Iris City Chiropractic Center, P.C.

Robert A. Hayden, D.C., PhD, F.I.C.C. (770) 412-0005

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Clinic Hours: 8:30 AM until the needs of our last patient for the day have been met. We take lunch from about 12:30 till 2 o'clock.
Drug screens: 9:00-3:00pm Monday - Thursday and 9:00-2:00pm on Friday for drug screen collections.
Physicals:  We do physicals (DOT, pre-employment) during the same hours the clinic is open, but call to be sure Dr. Hayden is in clinic when you need your exam done.

Stick It in Your Ear. Not.

Robert A. Hayden, DC, PhD, FICC

Question: I see people using Q-tips to clean their ears occasionally—particularly seniors or mothers caring for children. Is this a safe practice?

In a word, "No." I feel compelled to flesh that out just a bit so that my answer sounds more complete.

For trivia buffs, I found out that "Q-tip" is a proprietary name, and it means "quality tip." It is an outgrowth of Leo Gerstenzang's idea from the 1920s that was originally called a "Baby Gay." The term "Q-tip" has become like "Coke," a household term that is generic for all items that are similar in construction or use.

Interestingly, the most commonly reported use for these cotton swabs is in cleaning ears. This is ironically just about the only use for which they are not intended. There are all kinds of warnings out about this, including this one from www.qtip.com:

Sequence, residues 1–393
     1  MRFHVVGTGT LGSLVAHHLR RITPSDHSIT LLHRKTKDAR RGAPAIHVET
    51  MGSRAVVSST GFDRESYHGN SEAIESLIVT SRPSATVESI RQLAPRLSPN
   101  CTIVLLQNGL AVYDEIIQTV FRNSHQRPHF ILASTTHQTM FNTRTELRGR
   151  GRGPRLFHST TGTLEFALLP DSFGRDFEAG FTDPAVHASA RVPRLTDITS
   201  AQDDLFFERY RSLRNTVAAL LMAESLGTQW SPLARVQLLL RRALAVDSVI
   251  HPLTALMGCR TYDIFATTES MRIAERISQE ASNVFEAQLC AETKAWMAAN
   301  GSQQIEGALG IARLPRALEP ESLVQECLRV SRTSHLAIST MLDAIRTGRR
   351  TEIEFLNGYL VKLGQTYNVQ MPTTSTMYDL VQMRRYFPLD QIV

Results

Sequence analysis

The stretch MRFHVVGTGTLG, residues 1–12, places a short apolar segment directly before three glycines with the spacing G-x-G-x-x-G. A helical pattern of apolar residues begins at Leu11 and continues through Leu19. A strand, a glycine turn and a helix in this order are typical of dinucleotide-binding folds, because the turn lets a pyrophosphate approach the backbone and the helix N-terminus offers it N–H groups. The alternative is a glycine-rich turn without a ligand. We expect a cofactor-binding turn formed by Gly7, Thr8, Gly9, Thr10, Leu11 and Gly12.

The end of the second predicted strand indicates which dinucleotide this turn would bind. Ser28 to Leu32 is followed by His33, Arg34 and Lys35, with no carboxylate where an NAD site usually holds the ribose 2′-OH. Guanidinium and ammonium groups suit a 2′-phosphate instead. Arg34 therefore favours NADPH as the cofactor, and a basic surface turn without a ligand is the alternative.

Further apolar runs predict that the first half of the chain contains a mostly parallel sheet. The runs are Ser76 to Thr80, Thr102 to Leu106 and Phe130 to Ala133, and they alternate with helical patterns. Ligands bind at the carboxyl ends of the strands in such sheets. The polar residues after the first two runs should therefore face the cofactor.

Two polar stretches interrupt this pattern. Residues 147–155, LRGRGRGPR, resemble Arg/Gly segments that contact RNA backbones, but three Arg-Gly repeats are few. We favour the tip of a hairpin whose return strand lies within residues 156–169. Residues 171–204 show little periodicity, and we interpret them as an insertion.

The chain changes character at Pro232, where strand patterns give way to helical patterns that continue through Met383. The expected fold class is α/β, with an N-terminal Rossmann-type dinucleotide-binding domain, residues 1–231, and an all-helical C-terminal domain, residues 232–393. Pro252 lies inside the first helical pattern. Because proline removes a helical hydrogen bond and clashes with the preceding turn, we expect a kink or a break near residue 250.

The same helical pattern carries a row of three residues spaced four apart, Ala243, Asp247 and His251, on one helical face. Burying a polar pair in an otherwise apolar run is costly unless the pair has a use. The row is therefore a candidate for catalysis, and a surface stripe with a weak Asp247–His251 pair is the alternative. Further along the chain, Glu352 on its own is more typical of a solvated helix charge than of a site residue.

Always remember that Q-tips® cotton swabs are not to be used for cleaning inside the baby's ear canal (or yours!).

The wording seems clear to me (i.e., "always" and "not"), but the most common application for them, nevertheless, is swabbing ear canals. The danger here is two-fold: you can push ear wax further into the canal, causing an impaction and loss of hearing (an inconvenience) or puncture the eardrum (really bad). If you have done the former, when you speak, you will hear your voice loudly on the side of the impaction because sound does not have to travel through air to get to your eardrum—it goes through the bone in your skull. You can mimic this by plugging an open ear with your finger, then singing the Bama fight song. If you have the latter—a punctured ear drum—you have pain + deafness + some impending medical bills, and you may only enjoy half of your I-pod henceforth.

Ear wax, or cerumen, has a purpose. It protects the skin of the ear canal from water (for example, the water that might get there when you shower, get into snowball fights, or swim), and it prevents ear infections. When it builds up or gets hard, it can be bothersome.

If ear hygiene is a problem for you, first see a health care professional (HCP) for an otoscopic exam to be sure that wax is the only problem and that the eardrum is intact. Consult with your HCP about using an ear cleansing system designed for home use. There are ear drops you can get without prescription that are safe and effective.

Back to the Q-tips—the other uses seem limitless. To name a few of the hundreds of fascinating applications:

• You can apply medication to wounds with them.

• They are handy for cleaning an umbilical cord, if you have one of those.

• Tracking laser lenses on certain household and business appliances can be cleaned with them.

• Dirt and grime in the cracks of keyboards (between letters or numbers) might be accessible to a tip.

• They can clean smudges off sensitive equipment, such as the drum of your copier.

• People who do crafts find lots of clever ways to use them.

• Makeup can be applied with one of these, but please, not while driving.

• Very small people might use them for vaulting.

• MY PERSONAL FAVORITE: Taylor, one of our feline children, amuses himself for hours daily playing with them as Diane discards them.

Bottom line: celebrate the inventiveness of that great Polish-American by using a Q-tip for something other than your ear. Offer them as toys to your cat, for example, as a substitute for jewelry.